£593k compensation for emergency services related injury
A 45 year old woman was awarded £593,293.24 as a result of a road accident involving delays on the part of the emergency services.
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The claimant was travelling as a passenger on a bus in Central London, when the same was involved in an incident. The claimant was thrown from the seat she was about to take and ended up wedged between seats. The claimant could not free herself. She was in immediate pain. It was feared that she may have dislocated her knee.
Urgent calls were made on mobile telephones by several passengers on the bus to call for an ambulance to attend the scene. The Emergency Services confirmed that an ambulance had been despatched to the scene. The claimant was in severe pain with her leg being trapped. Despite this the advice given on the telephone by ambulance controllers was not to move the claimant for fear of making the injury worse.
Despite assurances from Ambulance Control that an ambulance had been despatched it took nearly an hour for it to arrive at the scene. The claimant was taken to Hospital and treated for her physical injuries.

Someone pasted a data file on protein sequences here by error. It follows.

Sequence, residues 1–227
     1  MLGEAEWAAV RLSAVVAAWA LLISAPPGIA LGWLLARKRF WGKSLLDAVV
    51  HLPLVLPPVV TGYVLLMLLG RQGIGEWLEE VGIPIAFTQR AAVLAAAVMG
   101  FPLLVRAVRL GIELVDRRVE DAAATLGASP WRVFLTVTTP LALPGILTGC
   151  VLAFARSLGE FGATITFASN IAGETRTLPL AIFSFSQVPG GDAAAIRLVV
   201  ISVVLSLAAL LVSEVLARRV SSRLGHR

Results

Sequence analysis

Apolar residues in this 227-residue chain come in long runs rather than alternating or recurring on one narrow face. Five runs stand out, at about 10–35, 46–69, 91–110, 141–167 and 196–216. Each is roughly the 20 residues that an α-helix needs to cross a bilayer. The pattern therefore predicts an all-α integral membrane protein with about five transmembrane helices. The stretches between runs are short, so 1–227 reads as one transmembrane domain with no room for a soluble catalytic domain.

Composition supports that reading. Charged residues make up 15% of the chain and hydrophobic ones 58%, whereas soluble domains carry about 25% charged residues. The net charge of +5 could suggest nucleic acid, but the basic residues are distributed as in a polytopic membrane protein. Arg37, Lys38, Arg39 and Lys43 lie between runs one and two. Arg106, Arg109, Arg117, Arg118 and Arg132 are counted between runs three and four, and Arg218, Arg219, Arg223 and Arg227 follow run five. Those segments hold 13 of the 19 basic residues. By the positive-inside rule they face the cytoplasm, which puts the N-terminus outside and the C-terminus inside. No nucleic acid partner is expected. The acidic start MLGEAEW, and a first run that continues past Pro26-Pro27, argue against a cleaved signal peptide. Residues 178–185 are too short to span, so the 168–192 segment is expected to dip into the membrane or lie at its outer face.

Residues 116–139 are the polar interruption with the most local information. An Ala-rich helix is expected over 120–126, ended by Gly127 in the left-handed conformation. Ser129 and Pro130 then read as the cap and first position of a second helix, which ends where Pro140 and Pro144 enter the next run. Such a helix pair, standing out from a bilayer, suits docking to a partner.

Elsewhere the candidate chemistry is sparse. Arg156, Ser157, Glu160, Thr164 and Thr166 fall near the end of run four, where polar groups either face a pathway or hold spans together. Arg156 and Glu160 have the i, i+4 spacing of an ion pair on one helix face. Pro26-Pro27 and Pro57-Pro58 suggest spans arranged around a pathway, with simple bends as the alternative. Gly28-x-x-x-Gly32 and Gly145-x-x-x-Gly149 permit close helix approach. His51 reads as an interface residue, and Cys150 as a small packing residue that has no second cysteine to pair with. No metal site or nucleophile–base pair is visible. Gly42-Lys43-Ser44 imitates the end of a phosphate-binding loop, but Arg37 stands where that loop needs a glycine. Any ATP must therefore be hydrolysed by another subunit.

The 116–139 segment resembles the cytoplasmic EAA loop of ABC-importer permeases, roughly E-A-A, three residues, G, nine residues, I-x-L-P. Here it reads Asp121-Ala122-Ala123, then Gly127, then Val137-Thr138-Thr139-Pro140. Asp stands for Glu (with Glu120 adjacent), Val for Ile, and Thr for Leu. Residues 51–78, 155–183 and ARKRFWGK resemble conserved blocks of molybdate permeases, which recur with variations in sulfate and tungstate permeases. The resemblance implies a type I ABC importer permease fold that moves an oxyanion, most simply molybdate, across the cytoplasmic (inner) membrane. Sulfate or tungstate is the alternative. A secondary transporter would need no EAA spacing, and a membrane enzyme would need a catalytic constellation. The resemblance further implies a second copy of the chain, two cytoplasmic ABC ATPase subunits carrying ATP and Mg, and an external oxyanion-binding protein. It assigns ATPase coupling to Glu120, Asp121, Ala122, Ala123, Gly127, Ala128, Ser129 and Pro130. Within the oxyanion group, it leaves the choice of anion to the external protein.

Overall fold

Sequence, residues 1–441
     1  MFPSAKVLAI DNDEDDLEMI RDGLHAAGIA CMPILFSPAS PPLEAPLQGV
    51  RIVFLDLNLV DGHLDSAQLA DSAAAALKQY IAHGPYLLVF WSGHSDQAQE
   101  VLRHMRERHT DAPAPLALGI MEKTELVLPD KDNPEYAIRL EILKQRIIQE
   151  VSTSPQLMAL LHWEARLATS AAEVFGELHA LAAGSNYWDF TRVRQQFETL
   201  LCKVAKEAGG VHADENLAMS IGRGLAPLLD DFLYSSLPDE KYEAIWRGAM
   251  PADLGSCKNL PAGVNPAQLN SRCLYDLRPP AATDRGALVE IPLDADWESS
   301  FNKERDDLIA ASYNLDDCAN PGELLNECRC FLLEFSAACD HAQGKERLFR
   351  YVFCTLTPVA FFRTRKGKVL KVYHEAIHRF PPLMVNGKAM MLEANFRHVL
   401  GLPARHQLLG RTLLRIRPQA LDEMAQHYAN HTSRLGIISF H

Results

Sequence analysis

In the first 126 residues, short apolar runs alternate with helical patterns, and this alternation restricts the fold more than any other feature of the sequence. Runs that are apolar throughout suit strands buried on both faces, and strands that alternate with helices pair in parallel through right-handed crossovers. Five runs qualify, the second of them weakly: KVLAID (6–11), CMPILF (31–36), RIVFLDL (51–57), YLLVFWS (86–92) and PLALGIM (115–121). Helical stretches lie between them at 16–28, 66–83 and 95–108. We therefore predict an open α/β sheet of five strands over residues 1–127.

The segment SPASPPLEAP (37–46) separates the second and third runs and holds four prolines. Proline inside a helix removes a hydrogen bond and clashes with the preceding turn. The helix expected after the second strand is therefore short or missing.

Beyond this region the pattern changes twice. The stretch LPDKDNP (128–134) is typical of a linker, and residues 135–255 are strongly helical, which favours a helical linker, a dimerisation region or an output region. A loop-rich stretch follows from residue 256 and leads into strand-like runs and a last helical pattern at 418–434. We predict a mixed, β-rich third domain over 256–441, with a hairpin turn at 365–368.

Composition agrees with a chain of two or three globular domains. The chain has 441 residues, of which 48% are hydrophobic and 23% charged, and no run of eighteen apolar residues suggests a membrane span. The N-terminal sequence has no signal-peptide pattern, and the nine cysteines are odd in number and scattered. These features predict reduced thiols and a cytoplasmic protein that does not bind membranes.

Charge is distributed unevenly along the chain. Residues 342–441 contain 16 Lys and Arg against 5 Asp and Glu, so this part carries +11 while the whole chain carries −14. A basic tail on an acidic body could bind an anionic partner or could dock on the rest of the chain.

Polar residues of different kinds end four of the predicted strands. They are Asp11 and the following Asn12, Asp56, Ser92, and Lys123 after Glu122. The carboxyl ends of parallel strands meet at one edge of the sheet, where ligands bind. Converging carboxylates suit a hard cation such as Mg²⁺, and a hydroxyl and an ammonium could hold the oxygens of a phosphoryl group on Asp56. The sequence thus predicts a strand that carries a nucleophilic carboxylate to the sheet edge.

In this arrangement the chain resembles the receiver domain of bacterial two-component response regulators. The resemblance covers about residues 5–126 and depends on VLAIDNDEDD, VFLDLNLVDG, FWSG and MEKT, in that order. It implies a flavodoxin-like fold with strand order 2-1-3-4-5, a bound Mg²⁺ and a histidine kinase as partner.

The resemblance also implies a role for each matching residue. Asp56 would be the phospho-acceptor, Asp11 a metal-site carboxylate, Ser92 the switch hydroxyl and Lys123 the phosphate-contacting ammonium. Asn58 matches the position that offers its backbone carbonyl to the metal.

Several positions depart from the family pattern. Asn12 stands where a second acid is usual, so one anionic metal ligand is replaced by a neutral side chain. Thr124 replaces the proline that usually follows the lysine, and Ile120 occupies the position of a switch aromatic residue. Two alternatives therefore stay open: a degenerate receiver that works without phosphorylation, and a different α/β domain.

Injuries and Progression
As a result of being trapped for so long the claimant quickly began to experience a severe psychological reaction. The claimant was diagnosed as suffering from Post Traumatic Stress Disorder.
Symptoms manifested themselves in the form of severe anxiety, accident recall, dreams of a feeling of being trapped again and depression. The claimant also developed physical seizures. These would involve not being able to speak or move.
Initially it was not diagnosed that these symptoms related to the PTSD reaction. It took a year and half post accident for the physical reaction to be attributed to the accident.
Settlement and Outcome
Because of the physical and psychological symptoms the claimant could not continue in her pre-accident occupation. . She became reclusive following moving her family from London to Wales. She would be prone to collapsing whilst out in public. Despite having extensive treatment her symptoms did not improve. Her ability to hold down a job was significantly impaired.
The suggestion from medical experts was that she would not be able to hold down any meaningful employment as her symptoms were permanent. The claimant's and defendants solicitors entered into meaningful negotiations to try reach an amicable settlement. Negotiations failed and as a result court proceedings were taken.
At trial the Judge agreed that the claimant's symptoms were permanent. He awarded the claimant £60,000.00 for her pain suffering and loss of amenity. The remainder of the award was made up of care costs and future loss of earnings. The total award being just short of £600,000.00.
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About the author
Gaynor Haliday is an experienced legal researcher and published author. She has had numerous articles published in the press and is a legal industry commentator.
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